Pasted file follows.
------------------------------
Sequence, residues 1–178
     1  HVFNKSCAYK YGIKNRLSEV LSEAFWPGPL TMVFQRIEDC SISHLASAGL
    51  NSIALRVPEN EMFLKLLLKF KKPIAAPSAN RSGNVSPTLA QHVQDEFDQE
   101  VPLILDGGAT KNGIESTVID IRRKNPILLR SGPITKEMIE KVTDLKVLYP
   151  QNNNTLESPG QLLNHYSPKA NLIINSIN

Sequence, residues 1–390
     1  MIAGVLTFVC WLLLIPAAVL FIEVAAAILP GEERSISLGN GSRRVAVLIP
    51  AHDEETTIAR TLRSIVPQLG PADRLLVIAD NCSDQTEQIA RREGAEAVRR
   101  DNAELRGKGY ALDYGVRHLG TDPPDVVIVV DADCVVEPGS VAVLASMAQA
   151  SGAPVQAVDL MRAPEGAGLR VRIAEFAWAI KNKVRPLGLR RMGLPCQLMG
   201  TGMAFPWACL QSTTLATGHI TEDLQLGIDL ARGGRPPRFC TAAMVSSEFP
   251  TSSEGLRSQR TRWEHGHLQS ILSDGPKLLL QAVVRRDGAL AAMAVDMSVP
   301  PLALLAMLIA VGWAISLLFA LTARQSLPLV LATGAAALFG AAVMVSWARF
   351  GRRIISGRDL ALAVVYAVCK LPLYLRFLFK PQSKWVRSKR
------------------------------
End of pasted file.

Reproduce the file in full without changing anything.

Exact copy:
Sequence, residues 1–178
     1  HVFNKSCAYK YGIKNRLSEV LSEAFWPGPL TMVFQRIEDC SISHLASAGL
    51  NSIALRVPEN EMFLKLLLKF KKPIAAPSAN RSGNVSPTLA QHVQDEFDQE
   101  VPLILDGGAT KNGIESTVID IRRKNPILLR SGPITKEMIE KVTDLKVLYP
   151  QNNNTLESPG QLLNHYSPKA NLIINSIN

Sequence, residues 1–390
     1  MIAGVLTFVC WLLLIPAAVL FIEVAAAILP GEERSISLGN GSRRVAVLIP
    51  AHDEETTIAR TLRSIVPQLG PADRLLVIAD NCSDQTEQIA RREGAEAVRR
   101  DNAELRGKGY ALDYGVRHLG TDPPDVVIVV DADCVVEPGS VAVLASMAQA
   151  SGAPVQAVDL MRAPEGAGLR VRIAEFAWAI KNKVRPLGLR RMGLPCQLMG
   201  TGMAFPWACL QSTTLATGHI TEDLQLGIDL ARGGRPPRFC TAAMVSSEFP
   251  TSSEGLRSQR TRWEHGHLQS ILSDGPKLLL QAVVRRDGAL AAMAVDMSVP
   301  PLALLAMLIA VGWAISLLFA LTARQSLPLV LATGAAALFG AAVMVSWARF
   351  GRRIISGRDL ALAVVYAVCK LPLYLRFLFK PQSKWVRSKR